At Triptease’s Direct Booking Summit for the hotel industry in early October, Isaac Collazo, vice president of competitive intelligence at IHG, shared several largely positive trends in the hotel industry. Digging into these statistics reveals key takeaways and reminders for the vacation rental sector.
US year-to-date demand is at its highest growth rate of the past four years. US hotels have set occupancy records the past three years, reaching nearly 66 percent on average in 2017. US year-to-date occupancy has reached as high as 67.6 percent.
Furthermore, hotels reached these records even with a 40 percent growth in inventory over the last 10 years.
But while these numbers were being shared at the Direct Booking Summit, VRM Intel editor Amy Hinote was hearing equally positive statistics for the vacation rental industry at the LiveRez Partner Conference. In former Airbnb executive Shaun Stewart’s presentation on the state of the vacation rental industry, he reported that demand for short-term rentals as a lodging alternative increased 81 percent between 2012 and 2017 and is predicted to increase 59 percent between 2017 and 2022. (See Hinote’s full recap here.)
The fact that both accommodations sectors are doing well points, in part, to the steady and improving economy supporting a healthy travel and lodging industry as a whole. “Beware of napping at the wheel,” said Charlie Osmond, chief tease at Triptease, “and be prepared for tougher times ahead.” His advice was for hoteliers, but it applies to all travel sectors.
Despite occupancy and supply growth, average daily rate (ADR) growth remains below prerecession levels.
Hotel ADR growth is rising at the same pace as inflation. In other words, real ADR growth hovers at 0 percent. Collazo said that one reason for this could be new construction leading existing hoteliers to cut prices in order to retain their market share.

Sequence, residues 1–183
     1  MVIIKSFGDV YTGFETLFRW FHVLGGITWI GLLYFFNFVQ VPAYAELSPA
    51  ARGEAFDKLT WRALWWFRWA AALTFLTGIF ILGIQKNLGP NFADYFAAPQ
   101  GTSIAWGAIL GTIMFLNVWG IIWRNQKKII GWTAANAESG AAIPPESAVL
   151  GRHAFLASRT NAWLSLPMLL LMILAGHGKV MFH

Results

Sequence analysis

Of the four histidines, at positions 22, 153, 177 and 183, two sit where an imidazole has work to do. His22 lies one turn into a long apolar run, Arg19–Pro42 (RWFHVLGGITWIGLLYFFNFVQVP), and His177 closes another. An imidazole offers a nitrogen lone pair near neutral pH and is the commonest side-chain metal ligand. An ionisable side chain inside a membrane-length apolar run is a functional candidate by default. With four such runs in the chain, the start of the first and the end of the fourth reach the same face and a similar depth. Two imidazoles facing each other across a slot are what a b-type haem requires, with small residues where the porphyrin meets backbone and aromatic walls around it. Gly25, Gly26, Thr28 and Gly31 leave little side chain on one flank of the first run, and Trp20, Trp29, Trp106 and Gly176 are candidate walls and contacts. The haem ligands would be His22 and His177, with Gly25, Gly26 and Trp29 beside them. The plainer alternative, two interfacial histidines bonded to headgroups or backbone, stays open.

It is possible that real ADR growth hovering at 0 percent is helping to fuel occupancy growth. The more the economy strengthens, and the longer real ADR growth stays at 0, the more accessible hotels become.
The opposite may be true in vacation rental destinations that have seen seasons soften lately. In the fight against margin compression, pushing rates up too quickly can outpace what the market can handle, and it can inadvertently make hotels more appealing.
Whether or not this is the case, margin compression is a real issue. In a separate discussion about how budget hotels and hostels can compete with luxury brands, John M. Scott, chairman of A&O Hotels and Hostels, illuminated a strategy to combat this. He pointed out that luxury hotels are always piling on new amenities and not getting rid of old ones. Budget properties can cut out the clutter and focus on only those things that are really important to their guests. The vacation rental industry may find that this concept works here too, as may many other strategies.
Corporate profits remain conducive for labor and travel growth, and IHG expects profits to continue increasing in 2019.
The topic of how to appeal to business travelers as a secondary or tertiary market has floated around the vacation rental industry for some time. With the rise of “bleisure” travel (tacking leisure days onto business trips) and the recent massive investments into hybrid business-leisure rental companies like Stay Alfred and Sonder, perhaps it’s time to deepen this conversation and think beyond Wi-Fi and desks.
Appealing to business travelers with more purpose-built offerings can serve as a hedge against less stable leisure travel seasons, like bonds to the vacationer stock market, particularly in vacation rental destinations near urban centers and major airports. Think shared spaces for meetings, small in-office cafés with work stations, or dry cleaning pickup and delivery.
Low unemployment is also a positive indicator for leisure travel.
Low unemployment is a double-edged sword. It helps get guests in the door, but if VRMs weren’t already feeling the labor pinch, they will soon. There’s no time like the present to reevaluate hiring strategies and compensation packages to recruit and retain good employees.
These hotel industry indicators are only one piece of the puzzle. Keep an eye out for Hinote’s discussion of hotel data in “Are Predictive Indicators Holding and Are Generational Changes in Consumer Behavior Affecting the Vacation Rental Industry?” in the VRM Intel fall 2018 issue. “Thankfully, the era of self-reported comparative data is coming to an end and is being replaced with real-time data that is integrated with property management software systems for apples-to-apples comparison,” she writes. “As the vacation rental industry matures, and comparative market data is available on a market basis, the correlation between economic conditions and actual performance will become rapidly clearer.”
Hinote’s pro tip on considering hotel performance indicators: Experienced vacation rental revenue managers take a deeper dive into leisure travel versus business travel and into related individual markets.